Between them, the group work out that there’s something nasty lurking in the shadows and that light somehow stops the worst from happening. So, basically, it’s a neat return to one of humanity’s most primal fears: the dark, and it largely works as a simplistic exercise in suspense.
Slick and atmospheric though Vanishing on 7th Street is, there are certainly some critical weaknesses to consider. Christensen has never been a strong leading man, here putting in a characteristically blank performance. Leguiziamo is a safe bet as the everyman projectionist, though (also characteristically) is wasted in a relatively straight role.
Sticking with the cautionary tales about the dark, you really shouldn’t pay heed to the advice Guillermo Del Toro gives in his remake of the much-liked (though rarely loved) ‘70s TV movie Don’t Be Afraid of the Dark.
By now, we should know that it’s perfectly logical to harbour a fear of the shadows when they contain evil spirits, mentalists wearing hockey masks or, as is the case here, marauding tooth fairies. Yes, you read that right.
Del Toro (as with much of his more recent output) takes production duties and co-writes the functional script as we see Guy Pearce play the father of a young girl, Sally, who have both just moved into an old gothic mansion with Pearce’s partner, played by Katie Holmes.
The house, as they invariably tend to be, was the scene of historic unpleasantness and guess what? Those little bleeders, after being rediscovered in the basement by Sally, want to get back down to business.
The creepy house with monsters and mythology schtick might as well have Del Toro’s name printed through it like a stick of rock and Pearce and Holmes are given very little to work with, character-wise, but who’s really complaining when this trademark classy suspense with the odd ghoulie thrown in for good measure is so enjoyable?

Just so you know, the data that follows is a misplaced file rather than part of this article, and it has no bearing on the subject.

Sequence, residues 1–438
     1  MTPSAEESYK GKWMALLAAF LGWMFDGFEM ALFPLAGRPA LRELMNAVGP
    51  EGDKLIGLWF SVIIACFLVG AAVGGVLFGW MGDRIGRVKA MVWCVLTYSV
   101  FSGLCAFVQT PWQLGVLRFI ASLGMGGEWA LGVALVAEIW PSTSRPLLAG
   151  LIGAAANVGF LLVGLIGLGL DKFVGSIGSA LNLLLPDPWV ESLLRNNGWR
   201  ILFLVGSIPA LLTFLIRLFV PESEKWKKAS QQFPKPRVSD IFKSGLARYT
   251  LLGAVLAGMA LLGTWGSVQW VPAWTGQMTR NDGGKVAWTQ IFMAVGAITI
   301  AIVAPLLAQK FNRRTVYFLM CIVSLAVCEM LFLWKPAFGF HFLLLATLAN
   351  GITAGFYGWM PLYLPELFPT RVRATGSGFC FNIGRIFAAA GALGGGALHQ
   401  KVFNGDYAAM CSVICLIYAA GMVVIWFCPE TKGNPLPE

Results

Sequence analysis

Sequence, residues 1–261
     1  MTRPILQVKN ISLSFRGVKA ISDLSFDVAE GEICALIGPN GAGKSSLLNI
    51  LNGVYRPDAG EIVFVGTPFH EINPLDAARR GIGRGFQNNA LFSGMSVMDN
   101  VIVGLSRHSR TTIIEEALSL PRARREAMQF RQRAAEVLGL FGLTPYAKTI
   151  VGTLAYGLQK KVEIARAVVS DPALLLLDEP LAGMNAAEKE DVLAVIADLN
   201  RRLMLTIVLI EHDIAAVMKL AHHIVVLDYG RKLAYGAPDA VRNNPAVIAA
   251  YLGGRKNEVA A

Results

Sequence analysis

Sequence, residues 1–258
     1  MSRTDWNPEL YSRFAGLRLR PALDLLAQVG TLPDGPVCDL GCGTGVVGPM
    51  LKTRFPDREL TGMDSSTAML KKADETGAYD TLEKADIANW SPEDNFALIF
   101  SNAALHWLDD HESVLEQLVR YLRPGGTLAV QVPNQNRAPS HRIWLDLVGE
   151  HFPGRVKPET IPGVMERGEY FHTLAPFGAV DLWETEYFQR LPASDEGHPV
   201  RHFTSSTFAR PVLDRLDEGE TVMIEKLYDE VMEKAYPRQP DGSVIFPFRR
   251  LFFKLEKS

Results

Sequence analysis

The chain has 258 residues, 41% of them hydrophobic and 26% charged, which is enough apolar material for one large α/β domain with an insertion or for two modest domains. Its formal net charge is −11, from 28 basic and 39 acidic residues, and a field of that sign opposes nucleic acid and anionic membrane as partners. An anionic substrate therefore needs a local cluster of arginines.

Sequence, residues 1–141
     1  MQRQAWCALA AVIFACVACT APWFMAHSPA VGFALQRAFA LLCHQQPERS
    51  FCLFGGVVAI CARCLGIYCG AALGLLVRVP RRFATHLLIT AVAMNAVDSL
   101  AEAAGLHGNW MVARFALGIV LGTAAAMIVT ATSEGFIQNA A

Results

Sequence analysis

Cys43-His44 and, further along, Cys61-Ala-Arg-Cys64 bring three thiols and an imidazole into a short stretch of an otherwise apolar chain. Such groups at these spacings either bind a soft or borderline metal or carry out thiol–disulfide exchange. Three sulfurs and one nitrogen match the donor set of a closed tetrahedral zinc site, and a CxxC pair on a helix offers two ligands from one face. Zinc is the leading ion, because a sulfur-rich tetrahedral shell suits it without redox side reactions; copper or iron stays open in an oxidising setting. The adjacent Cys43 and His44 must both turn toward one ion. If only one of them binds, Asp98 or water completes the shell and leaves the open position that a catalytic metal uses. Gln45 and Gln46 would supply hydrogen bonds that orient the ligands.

Somewhat less smoothly packaged, we come to our final movie, the latest in a long, long line of straight to DVD horrors starring Freddy Krueger himself, Robert Englund, as the demon Inkubus.
Like the titular Saint Nicholas in festive bloodfest Saint (see the Christmas blog), Englund’s over-confident devil’s advocate likes to emerge every so-often for a massacre or two throughout history, the scamp.
Inkubus starts out interestingly enough as a kind of less sappy K-Pax with gore replacing sentiment and Englund’s demon in human form being questioned at a police precinct about the exact nature of his crimes. William Forsythe as the cop who was driven to the brink of madness by an earlier infernal encounter is suitably haunted opposite Englund having such fun chewing the set to pieces.
Unfortunately, a screenplay that rapidly descends into predictability is disappointingly mindless for a script that started out with such promise. Still, if you can ignore Glen Ciano’s often irritatingly showy direction (complete with Saw-style grainy wonkiness), you could do a lot worse than hang out with Englund’s latest talkative monster for an hour or so.